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An exploration of the theme of Deception, good or bad in MUCH ADO ABOUT NOTHING (William Shakespeare) and THE ROVER (Aphra Behn)

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Introduction

An exploration of the theme of Deception, good or bad in 'MUCH ADO ABOUT NOTHING (William Shakespeare)' and 'THE ROVER (Aphra Behn)': Deception, "the quality of being fraudulent"1 or"to cause to accept as true or valid what is false and invalid"2 is a major theme in both plays 'Much Ado about Nothing' and 'The Rover'. However there is a certain dichotomy for deception here as it is both malign and benign, intentionally good and intentionally bad. Another proof of this is that the two plays are comedies meaning some deceptions have got to be taken lightheartedly and blithely. These are shown in Benedick and Beatrice's gulling and Lucetta's gypping of Blunt aided by Sancho and Philippo. There are two main comic deceptions in Much Ado these are benign and harmless to the people they are directed against. When Claudio professes his love for Hero to Pedro who strangely, immediately offers his help to woo her for him, he at first sounds too eager to help his friend (as if he has something else in mind) but we soon learn his intentions are well meant. "I will assume thy part in some disguise, and tell fair Hero I am Claudio and in her bosom I'll unclasp my heart and take her hearing prisoner with the ...read more.

Middle

There is a certain parallel or mirrored idea in the two plays. Balthasar's song12 is of course echoed throughout Much Ado, it is around deception it speaks, or the deceptive nature of men. This is mirrored through Wilmore's defensive comment after being accused of cheating on Angelica he said "For I never heard of a mortal man, that has not broke a thousand vows"13. In another sense deception can be used to show who is boss, or to show off someone's authority. For example the Prince of Aragon immediately marks his territory in Messina by grabbing the first opportunity he could, and that is through wooing Hero. By wooing Hero for Claudio he showed that he was the dominator or leader figure. Don Pedro also does that with Beatrice and Benedick and he succeeds in creating his "mountain of affection"14 and proof for this is that the pair are lovesick for one another. It is when Leonato falls under Pedro and Claudio's side against his own daughter' that we see the effects of the dominance Pedro gained from his earlier deceptions. Even though Leonato has seen Pedro's deceptive nature in action he still follows him: "Would the two princes lie, and Claudio lie, who loved her so, that speaking of her foulness, washed it with tears? ...read more.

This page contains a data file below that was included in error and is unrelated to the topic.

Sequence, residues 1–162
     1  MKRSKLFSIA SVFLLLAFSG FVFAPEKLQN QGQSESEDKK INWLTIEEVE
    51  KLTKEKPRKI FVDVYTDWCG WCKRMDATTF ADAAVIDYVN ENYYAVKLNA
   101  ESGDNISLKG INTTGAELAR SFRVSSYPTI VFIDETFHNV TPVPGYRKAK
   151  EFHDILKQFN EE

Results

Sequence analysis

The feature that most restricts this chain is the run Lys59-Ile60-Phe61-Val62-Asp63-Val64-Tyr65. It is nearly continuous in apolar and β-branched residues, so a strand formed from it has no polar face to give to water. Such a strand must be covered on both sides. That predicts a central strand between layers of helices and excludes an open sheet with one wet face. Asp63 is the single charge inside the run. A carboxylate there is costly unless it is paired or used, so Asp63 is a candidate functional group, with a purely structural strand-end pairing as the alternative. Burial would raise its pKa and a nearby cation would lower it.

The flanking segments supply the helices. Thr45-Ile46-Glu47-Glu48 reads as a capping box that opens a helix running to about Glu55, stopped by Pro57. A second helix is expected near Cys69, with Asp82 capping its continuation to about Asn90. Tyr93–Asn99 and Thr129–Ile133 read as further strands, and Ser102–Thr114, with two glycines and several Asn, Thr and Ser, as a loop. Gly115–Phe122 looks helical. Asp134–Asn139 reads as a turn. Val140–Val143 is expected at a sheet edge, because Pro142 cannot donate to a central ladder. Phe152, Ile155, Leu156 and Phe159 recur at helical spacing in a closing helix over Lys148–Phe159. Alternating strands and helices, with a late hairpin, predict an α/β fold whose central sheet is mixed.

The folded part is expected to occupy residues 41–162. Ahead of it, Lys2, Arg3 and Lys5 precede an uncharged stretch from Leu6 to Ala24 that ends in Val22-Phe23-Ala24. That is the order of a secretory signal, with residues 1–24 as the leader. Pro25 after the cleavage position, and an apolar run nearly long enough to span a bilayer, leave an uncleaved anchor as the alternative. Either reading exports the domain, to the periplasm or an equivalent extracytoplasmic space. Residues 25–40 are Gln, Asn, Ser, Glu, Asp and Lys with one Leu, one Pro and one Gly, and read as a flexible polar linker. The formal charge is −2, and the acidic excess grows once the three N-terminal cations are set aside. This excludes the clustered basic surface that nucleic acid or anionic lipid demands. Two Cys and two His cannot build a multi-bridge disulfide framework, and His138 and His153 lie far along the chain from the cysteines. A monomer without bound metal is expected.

Conclusion

Claudio also deceives himself into believing he is in love with Hero when really he has not even met her. He falls in love with her because of his esteemed first impression of her and mainly because she looks like a pure, good virgin which was considered of great importance in Elizabethan England, a girls honour was entirely based on her chastity, if she loses that she would "lose all social standing" which is why the second thing he asks about her is "is she not a modest young lady?".Don Pedro also deceives himself in thinking his brother, john the bastard has been washed clean and is now a clean and changed man. In reality he is the villain and the person behind every harmful deception in the play. The two plays both exhibit deception in the most ambidextrous of ways. It is both malevolent and benevolent, in the sense that the plays end happily through all the obstacles that have been set throughout it. 1 http://www.audioenglish.net/dictionary/deceit.htm 2 Webster's New Collegiate Dictionary 3 4 Philip Allan's student guide book, page 52 5 6 7 4.2 8 9 Philip Alan's student text guide 10 George Brandes, in John Russell Brown,1979- page 41-42 11 12 Act II, Scene 3 13 14 15 16 Philip Allan updates, page 13 17 18 19 20 21 22 23 24 25 26 ?? ?? ?? ?? ...read more.

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